When I first heard about the film adaptation of the wonderful true-life book The Queen of Katwe about an African girl reaching out of her harsh life of poverty and crime in a Ugandan slum through the game of chess, I truthfully wasn't that excited.
Although I hadn't read the book (and still haven't), I knew the story all too well and even though that in itself seemed very positive and inspirational, the fact that it was done by Disney turned me off because I knew that Disney had a reputation for Disney-fying (so to speak) their movies to make them appear way too polished, sugar-sweet, and formulaic than they need to be. Plus, I’ve never really been a Disney fan in the first place, so the idea of watching another Disney flick didn’t exactly grab me (especially after watching their weak and predictable sports drama “McFarland USA” Sure enough, when I finally decided to watch it, right from the very first strains of cliched Disney music, I knew EXACTLY where this was going to go. Yes, the main character’s brother does get hit by a car and has to go the hospital as a result and her older sister winds up running off with a flashy boyfriend (and getting pregnant as a result), but it’s all handled with a heavy dose of schmaltzy melodrama in order to not distinguish itself from the typical Disney flick.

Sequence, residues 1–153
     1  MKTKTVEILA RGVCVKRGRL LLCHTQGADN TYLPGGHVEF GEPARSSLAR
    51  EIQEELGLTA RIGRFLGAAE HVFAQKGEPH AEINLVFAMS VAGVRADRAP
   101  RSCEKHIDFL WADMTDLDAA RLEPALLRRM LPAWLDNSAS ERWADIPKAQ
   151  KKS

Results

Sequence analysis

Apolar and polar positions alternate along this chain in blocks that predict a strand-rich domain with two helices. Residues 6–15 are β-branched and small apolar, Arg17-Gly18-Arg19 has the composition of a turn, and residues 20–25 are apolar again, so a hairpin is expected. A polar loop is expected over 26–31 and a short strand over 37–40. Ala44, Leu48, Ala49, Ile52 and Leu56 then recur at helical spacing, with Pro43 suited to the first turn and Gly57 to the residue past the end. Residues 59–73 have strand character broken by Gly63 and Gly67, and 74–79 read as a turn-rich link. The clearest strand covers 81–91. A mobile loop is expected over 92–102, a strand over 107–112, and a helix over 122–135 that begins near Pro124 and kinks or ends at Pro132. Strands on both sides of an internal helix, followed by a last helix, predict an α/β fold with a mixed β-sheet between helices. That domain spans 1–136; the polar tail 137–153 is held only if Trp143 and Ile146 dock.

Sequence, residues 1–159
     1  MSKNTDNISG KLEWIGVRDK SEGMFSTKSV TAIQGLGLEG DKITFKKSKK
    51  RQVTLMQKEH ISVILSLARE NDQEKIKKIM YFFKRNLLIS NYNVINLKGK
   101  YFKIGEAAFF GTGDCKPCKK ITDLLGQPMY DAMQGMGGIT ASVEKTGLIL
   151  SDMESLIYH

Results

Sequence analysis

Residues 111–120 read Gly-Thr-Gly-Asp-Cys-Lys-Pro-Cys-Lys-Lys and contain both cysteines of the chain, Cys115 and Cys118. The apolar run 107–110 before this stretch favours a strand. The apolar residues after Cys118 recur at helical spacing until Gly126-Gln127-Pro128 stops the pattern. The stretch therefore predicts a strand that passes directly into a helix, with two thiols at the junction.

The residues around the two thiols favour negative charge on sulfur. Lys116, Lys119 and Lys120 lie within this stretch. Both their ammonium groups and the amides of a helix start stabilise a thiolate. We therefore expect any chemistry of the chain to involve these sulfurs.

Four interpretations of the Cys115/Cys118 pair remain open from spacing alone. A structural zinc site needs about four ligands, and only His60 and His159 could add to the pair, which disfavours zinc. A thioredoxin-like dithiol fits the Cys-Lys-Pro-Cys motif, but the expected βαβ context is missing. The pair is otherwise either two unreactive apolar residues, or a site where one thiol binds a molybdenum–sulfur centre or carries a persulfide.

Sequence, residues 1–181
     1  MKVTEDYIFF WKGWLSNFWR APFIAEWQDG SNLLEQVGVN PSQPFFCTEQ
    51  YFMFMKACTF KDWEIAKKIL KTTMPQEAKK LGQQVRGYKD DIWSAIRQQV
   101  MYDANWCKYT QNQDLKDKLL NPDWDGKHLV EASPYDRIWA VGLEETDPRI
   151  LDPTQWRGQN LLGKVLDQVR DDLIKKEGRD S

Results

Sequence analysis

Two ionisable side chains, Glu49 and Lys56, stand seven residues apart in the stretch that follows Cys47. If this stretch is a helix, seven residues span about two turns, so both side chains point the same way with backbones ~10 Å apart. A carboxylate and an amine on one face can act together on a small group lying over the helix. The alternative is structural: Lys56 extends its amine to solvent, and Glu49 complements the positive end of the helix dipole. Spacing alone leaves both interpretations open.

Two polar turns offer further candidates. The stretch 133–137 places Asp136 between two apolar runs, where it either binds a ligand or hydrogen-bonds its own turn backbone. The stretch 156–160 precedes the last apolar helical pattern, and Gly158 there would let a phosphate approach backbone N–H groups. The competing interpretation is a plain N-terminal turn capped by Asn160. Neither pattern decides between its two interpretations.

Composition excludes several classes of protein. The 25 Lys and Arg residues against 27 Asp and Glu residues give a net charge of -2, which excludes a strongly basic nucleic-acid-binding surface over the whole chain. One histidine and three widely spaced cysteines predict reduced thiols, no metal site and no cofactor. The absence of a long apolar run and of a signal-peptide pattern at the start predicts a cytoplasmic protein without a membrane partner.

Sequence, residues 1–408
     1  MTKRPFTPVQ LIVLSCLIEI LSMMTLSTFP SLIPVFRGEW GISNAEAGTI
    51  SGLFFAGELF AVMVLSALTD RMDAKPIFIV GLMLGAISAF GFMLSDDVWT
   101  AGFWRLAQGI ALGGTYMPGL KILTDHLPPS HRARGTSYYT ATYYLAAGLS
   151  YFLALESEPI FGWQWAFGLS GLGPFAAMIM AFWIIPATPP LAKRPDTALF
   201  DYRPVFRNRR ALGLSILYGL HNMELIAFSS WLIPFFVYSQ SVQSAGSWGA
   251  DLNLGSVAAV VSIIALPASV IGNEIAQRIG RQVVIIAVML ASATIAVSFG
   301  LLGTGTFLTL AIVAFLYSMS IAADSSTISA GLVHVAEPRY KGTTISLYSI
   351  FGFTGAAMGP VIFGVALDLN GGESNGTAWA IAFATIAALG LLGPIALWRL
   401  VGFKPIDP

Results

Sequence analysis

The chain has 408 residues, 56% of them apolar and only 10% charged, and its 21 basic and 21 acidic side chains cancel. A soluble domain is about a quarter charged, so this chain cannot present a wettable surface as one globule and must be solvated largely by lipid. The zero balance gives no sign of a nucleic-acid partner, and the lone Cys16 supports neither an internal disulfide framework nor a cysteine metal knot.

And as for the story itself, which involves (as I stated before) a 10-year old African girl named Phiona who miraculously discovers the game of chess and effectively uses it to rise out of her life of poverty and hardship...well…while it’s certainly inspirational (and based on a story that is very much true), it’s WAY too soft and predictable to possibly grasp the harsh and cold reality of her former life in the slums. And of course, in a feeble attempt to make up for that, we get lots of cliched Disney music, schmaltzy melodrama, weak attempts at humor, and a mindless, I-saw-that-coming happy ending. Also, considering the film WAS based on a true-life story, it could've standed to include some actual footage from tournaments as well as some historical background of how Africa (especially Uganda) got to be the poverty-stricken wasteland it basically is today, instead of staging everything instead. In fact, the only thing that WASN'T staged was the pre-credits scene where the actual, real-life people were shown right next to the actors who portrayed them. This is actually a very interesting sequence, not only because the actors look slightly different from the actual people, but because in most movies that take their premise from true life stories just show either pictures, videos, (very brief) interviews, or even just text about where the real-life people are now (if they're still around). That scene, however, is different, but in a good, creative way. If nothing else, I'll give Disney that.